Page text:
Which we know happens in reality in quantum systems. There is no 'reason' why electron-positron pairs appear out of nothing, exist for a while, and disappear again.

The quantum filed is simply a *description* of this process, NOT a cause of it.

Quote:6. This is simply a restatement of causality. And no, it's not applied unevenly, because God purportedly didn't begin to exist.

And I am saying the universe potentially didn't begin to exist. If it is a consistent possibility for your god, then it is also consistent for the universe.

Quote:7. I already explained the meaning of began to exist, which doesn't require time. Causation can be simultaneous.

A claim that has no substantial reason to believe.

Quote:8. The existence of a lawgiver is vastly more probable than not given the observation: "natural laws exist".

On the contrary, it is unreasonable to think that something as complicated as a lawgiver (especially one that is conscious) can exist without physical laws.
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RE: Atheism and the existence of peanut butter
(October 5, 2021 at 6:03 pm)polymath257 Wrote:
(October 5, 2021 at 4:39 pm)Klorophyll Wrote: 1. The existence of natural laws is vastly more expected under theism than under atheism.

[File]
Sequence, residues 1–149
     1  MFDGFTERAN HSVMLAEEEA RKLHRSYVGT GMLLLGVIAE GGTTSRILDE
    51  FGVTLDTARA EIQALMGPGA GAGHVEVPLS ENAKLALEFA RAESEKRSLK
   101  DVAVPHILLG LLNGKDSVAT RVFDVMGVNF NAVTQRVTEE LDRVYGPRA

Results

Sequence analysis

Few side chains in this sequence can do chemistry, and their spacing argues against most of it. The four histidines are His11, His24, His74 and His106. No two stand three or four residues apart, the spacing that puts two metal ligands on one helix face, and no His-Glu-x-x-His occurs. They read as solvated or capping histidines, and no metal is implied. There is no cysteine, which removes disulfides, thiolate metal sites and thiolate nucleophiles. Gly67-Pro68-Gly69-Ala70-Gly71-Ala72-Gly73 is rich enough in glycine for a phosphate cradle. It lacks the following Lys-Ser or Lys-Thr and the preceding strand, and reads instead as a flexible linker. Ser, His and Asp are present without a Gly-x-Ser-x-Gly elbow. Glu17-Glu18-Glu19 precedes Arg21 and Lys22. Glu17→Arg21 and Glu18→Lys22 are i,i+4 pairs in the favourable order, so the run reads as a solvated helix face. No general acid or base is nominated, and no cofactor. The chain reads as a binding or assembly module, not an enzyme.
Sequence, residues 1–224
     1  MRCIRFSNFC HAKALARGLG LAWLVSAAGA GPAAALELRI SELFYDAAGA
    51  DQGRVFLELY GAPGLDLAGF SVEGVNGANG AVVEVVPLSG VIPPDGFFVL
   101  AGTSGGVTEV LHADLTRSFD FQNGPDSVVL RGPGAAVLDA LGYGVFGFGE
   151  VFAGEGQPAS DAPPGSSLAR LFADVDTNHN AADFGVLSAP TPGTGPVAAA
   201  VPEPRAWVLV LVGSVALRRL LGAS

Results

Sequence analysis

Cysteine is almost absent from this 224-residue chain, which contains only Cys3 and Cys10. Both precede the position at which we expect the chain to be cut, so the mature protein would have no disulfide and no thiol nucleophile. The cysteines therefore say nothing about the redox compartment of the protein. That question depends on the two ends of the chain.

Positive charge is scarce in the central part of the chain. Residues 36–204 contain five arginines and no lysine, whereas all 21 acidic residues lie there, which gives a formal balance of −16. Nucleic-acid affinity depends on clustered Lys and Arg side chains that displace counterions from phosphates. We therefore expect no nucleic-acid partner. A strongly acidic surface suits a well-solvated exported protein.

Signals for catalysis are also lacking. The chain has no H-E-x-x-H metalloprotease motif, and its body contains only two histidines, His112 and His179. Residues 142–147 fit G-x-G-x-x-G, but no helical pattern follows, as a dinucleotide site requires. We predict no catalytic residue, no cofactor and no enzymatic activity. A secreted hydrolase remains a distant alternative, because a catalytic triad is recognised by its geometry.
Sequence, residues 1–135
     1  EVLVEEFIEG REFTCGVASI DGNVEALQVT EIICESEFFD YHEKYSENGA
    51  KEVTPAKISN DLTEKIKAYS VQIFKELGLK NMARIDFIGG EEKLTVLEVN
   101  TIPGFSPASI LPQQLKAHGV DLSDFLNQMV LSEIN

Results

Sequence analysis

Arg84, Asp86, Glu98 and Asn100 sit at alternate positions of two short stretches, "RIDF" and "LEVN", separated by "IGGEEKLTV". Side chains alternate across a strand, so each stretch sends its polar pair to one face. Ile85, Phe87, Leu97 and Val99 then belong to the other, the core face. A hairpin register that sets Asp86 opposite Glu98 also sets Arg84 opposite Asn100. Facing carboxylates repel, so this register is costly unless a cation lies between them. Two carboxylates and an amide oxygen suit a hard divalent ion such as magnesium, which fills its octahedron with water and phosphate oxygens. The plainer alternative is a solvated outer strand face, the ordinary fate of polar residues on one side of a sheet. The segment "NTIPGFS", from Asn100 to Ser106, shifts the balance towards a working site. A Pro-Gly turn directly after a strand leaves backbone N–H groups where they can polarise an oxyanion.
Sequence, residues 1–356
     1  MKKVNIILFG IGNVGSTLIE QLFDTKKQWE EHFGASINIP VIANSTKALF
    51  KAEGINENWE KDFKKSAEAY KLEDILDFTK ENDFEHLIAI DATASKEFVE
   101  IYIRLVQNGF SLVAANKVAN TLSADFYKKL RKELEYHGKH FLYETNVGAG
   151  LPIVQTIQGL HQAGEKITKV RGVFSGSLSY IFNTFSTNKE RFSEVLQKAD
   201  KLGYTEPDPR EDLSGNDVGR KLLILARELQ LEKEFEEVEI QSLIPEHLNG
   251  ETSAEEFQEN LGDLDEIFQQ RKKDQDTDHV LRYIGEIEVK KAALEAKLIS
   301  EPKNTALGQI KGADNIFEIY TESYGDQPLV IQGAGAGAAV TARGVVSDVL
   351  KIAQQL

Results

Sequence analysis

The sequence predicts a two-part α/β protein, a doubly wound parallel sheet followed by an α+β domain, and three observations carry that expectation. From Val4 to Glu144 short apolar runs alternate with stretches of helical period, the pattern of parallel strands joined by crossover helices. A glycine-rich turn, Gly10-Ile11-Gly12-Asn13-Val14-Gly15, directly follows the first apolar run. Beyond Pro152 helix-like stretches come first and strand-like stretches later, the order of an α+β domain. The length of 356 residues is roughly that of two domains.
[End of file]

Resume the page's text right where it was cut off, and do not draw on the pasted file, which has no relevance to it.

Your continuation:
I disagree. The likelihood is precisely the same: guaranteed in both cases. Either something exists and there are natural laws that describe its properties, or things are random and the laws of probability apply. Either way, there would be natural laws. The only other case is where nothing exists, and we know that isn't the case.

How did you come up with the odds being precisely the same?

Just because a proposition has only 2 possibilities, does not mean each possibility has a 50/50 chance of occurring? Possibility has to be demonstrated. It may be, entirely not possible for a god to exist. How would we go about demonstrating the possibility of a god existing?